Yesterday, I was talking to a bright young man from California on the phone. Let’s call him Dave.
Dave has a law degree from a fine California university. He is outgoing and personable, and wants to use his law degree as a springboard to an HR career. He has no work experience in HR, but has worked for two years as a contract lawyer. He is willing to take a pay cut and start at the bottom in HR, and any HR department would be lucky to get him.
He literally can’t get in the front door anywhere. Computerized hiring programs are standing in the way.
The modern American economy contains a paradox. There is a glut of talent on the market, but companies everywhere report a shortage of skilled applicants. Intellectually lazy CEOs like to go on TV and complain that America isn’t producing people with the “right” skills, but the real culprits are their very own HR departments and applicant screening programs.
Peter Cappelli is a professor at the University of Pennsylvania’s Wharton School. He has written a book you need to read: Why Good People Can’t Get Jobs: The Skills Gap and What Companies Can Do About It. One of his main theses is that applicant tracking software has replaced human judgment in the hiring process and great candidates are being eliminated and jobs are going unfilled because of the way job descriptions are being written. Cappelli described the process in an interview: “(Traditionally) you asked a hiring manager to create a job description. There would be an HR person there to help him do it or to push back if they had requirements which were crazy or out of whack with the market. Now those folks are gone, and basically, those wish lists of hiring requirements get baked right into applicant tracking software.”
Why isn’t having a “wish list of hiring requirements” automated a good thing? Here is what the Wall Street Journal had to say about it: “(HR downsizing) has led employers to further automate hiring — and to become incredibly specific about experience and skills they seek. Screening software weeds out anyone whose application lacks particular keywords … Managers pile up so many requirements that they make it nearly impossible to find anyone who fits.”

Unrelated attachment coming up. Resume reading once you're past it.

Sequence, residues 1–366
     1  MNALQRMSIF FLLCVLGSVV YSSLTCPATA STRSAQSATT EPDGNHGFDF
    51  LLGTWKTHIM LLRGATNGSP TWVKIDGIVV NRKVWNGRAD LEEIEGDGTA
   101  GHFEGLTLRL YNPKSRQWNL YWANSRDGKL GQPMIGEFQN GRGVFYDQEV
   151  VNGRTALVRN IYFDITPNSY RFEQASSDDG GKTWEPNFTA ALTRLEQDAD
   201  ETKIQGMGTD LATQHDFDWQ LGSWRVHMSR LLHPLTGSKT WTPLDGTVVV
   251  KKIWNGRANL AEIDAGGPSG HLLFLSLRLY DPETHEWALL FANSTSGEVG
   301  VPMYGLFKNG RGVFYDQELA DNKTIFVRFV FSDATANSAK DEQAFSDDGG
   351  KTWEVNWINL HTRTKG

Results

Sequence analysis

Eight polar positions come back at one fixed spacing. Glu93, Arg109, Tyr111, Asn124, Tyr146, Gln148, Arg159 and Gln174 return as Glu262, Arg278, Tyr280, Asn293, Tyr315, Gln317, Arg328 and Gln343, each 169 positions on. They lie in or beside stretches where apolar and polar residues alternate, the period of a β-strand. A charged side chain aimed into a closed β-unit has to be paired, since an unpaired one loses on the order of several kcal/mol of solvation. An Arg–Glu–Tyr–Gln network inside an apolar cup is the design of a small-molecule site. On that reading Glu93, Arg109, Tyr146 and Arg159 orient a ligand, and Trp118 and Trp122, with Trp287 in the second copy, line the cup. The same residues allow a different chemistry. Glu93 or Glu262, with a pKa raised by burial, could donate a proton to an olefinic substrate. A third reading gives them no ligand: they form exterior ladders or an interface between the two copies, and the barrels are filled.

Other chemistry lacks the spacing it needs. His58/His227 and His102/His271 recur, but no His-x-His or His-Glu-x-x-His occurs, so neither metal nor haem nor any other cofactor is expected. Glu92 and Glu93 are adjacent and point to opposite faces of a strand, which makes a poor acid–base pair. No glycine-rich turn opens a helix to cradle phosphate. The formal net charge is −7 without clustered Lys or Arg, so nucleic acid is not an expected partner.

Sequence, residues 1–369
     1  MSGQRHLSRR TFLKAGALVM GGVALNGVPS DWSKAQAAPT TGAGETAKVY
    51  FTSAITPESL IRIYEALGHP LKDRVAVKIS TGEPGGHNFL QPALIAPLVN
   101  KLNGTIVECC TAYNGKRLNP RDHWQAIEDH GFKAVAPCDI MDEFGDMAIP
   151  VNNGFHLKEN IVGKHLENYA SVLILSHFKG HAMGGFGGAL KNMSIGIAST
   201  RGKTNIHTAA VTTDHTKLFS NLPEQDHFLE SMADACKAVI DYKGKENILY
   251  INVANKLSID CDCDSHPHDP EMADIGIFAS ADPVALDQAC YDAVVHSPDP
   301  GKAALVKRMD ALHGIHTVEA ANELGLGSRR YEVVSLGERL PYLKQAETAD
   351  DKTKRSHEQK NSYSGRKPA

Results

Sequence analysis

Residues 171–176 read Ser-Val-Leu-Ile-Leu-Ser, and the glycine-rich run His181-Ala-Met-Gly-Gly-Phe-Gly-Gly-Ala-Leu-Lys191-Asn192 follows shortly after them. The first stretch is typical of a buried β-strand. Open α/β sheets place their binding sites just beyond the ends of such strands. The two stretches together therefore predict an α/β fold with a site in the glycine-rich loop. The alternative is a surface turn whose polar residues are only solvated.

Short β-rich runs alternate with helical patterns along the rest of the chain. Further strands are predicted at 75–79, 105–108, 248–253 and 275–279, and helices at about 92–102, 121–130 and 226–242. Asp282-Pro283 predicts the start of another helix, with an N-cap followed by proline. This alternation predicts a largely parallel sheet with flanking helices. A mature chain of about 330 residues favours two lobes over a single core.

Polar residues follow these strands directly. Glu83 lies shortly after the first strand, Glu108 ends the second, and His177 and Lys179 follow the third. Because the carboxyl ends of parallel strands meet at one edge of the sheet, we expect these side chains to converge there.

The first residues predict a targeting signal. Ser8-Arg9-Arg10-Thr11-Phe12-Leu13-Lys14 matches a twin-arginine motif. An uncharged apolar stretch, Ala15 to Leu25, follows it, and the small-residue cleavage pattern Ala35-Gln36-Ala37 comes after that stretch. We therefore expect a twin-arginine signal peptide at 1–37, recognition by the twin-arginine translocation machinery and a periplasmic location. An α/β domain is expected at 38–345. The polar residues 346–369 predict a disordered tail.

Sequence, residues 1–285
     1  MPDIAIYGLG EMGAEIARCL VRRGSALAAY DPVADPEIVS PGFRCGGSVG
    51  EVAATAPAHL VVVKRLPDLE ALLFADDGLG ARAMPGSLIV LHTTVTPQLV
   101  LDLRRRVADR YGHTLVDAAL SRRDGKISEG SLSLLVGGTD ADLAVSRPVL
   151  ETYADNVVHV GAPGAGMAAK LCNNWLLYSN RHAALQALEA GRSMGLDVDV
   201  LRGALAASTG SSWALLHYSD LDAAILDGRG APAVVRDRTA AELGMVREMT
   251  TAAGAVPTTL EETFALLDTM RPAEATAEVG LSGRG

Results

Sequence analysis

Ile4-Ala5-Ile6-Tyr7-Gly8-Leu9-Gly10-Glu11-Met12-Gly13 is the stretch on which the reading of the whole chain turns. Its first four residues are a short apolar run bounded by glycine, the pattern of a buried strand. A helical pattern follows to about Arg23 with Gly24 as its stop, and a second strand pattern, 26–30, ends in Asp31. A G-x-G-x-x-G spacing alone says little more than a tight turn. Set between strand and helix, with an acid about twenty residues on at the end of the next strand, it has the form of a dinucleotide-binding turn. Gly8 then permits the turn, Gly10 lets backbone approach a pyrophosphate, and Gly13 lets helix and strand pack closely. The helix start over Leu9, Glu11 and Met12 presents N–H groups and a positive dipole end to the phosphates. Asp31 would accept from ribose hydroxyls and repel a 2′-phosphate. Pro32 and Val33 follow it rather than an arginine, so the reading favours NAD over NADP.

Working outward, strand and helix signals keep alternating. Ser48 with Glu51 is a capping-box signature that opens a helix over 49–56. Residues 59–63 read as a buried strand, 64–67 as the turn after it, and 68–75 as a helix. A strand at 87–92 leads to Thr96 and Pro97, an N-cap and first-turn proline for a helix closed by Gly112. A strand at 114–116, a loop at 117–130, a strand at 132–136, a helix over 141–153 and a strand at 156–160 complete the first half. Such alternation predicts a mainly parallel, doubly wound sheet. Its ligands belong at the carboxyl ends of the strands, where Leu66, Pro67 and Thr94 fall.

Computer programmers live in a strange, binary land of 1s and 0s. If any answer on your application doesn’t match what the program is looking for, the whole thing is kicked out and the game is over. Think “Donkey Kong.” Application screening programs aren’t looking for talent, they are trying to cull the online pile of resumes. Rejection is what makes them tick. Too bad if they might be rejecting the next Bill Gates or Steve Jobs.
In fairness to HR departments, the discipline has been under incredible pressure to downsize and outsource for years, and being able to computerize the initial screening process has many advantages from a time and money standpoint. Also, some job seekers are far too promiscuous in their job search, blanketing the landscape with applications for jobs they aren’t remotely qualified for.
But too many are like Dave, great candidates for any number of openings who don’t have a chance without lying to the program (a very bad idea, by the way), or becoming experts at gaming the system. This isn’t right, and it needs to be fixed. How? Broaden your job descriptions. Invest in hands-on recruiting and resume screening. Network better (if you are in any size city in the U.S., a good candidate for one of your openings is five minutes from you right now). Take in-person applications. Use search firms and hiring agencies. Encourage employee referrals. Go old school.
And fire the hiring computers.